On nearly linear time algorithms for Sylow subgroups of smallbase permutation groups

Implementing a recognition algorithm for classical groups

Algorithms for polycyclicbyfinite matrix groups

Asymptotic results for simple groups and some applications

Some applications of generalized FFTs

Constructing permutation representations for matrix groups in parallel environments


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The workshop “Groups and Computations” took place at the Center for Discrete Mathematics and Theoretical Computer Science (DIMACS) at Rutgers University in June 1995. This and an earlier workshop (see Groups and Computation, Finkelstein and Kantor, ©1993, American Mathematical Society) held in October 1991 was aimed at merging theory and practice within the broad area of computation with groups. The primary goal of the previous workshop was to foster a dialogue between researchers studying the computational complexity of group algorithms and those engaged in the development of practical software. It was expected that this would lead to a deeper understanding of the mathematical issues underlying group computation and that this understanding would lead, in turn, to faster algorithms. Comments and subsequent work indicated that this goal had been achieved beyond expectations. The second workshop was designed to reinforce the progress in these directions.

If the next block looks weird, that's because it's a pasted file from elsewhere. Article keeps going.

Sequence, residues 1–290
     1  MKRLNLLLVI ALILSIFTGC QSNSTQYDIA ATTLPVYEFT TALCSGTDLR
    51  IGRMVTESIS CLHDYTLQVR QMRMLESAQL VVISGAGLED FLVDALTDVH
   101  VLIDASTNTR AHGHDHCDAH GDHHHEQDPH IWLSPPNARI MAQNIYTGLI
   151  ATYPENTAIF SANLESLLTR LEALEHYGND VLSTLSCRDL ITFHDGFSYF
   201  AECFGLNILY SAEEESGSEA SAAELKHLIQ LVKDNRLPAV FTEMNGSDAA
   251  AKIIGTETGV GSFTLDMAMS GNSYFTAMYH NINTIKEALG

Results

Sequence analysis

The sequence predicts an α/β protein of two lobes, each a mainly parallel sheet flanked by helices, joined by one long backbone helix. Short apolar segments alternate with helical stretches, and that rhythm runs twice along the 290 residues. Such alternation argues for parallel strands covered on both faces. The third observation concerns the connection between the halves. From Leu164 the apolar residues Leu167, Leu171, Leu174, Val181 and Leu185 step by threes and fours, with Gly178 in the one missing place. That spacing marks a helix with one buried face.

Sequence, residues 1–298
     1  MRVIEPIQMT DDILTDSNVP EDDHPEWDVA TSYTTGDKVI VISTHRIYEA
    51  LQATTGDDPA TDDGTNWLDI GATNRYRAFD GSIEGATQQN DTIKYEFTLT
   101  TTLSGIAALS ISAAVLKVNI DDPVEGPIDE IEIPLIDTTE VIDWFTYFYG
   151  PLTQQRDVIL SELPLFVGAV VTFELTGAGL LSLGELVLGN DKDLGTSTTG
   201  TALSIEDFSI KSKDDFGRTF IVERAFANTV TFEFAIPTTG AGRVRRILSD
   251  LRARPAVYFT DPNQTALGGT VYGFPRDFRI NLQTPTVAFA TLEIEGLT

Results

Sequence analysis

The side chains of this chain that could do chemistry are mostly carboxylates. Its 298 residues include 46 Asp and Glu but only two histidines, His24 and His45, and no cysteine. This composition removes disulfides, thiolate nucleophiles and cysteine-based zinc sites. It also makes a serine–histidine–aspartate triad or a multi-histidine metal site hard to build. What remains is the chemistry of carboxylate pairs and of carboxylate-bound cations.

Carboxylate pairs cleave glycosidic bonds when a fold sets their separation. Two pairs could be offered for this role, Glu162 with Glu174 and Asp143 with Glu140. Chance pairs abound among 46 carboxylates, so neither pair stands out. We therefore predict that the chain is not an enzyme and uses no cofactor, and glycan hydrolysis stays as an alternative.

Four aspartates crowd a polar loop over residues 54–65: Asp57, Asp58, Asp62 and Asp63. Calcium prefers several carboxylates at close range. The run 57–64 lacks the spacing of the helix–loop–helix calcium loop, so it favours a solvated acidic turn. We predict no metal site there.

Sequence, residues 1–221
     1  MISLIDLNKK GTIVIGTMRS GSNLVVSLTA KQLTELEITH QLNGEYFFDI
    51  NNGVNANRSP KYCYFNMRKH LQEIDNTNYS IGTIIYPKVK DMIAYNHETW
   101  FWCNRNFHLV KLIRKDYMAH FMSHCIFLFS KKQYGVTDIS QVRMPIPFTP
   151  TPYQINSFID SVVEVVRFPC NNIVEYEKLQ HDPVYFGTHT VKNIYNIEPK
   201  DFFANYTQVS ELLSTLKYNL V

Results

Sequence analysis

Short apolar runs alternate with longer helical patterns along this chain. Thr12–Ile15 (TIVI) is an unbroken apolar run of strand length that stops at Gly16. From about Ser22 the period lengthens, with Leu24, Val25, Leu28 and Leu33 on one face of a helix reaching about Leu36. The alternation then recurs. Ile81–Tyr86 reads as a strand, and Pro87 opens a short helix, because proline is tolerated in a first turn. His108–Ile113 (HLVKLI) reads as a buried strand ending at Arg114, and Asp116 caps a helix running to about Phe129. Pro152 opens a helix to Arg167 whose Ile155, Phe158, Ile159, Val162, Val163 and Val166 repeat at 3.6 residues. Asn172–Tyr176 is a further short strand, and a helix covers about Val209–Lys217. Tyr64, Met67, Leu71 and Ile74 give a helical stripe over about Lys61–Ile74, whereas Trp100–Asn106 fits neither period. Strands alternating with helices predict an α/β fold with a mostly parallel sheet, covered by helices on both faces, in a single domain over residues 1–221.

The scientific program consisted of invited lectures and research announcements, as well as informal discussions and software demonstrations. The eight extended talks discussed randomization, permutation groups, matrix groups, software systems, fast Fourier transforms and their applications to signal processing and data analysis, computations with finitely presented groups, and implementation and complexity questions. As in the previous workshop, speakers ranged from established researchers to graduate students.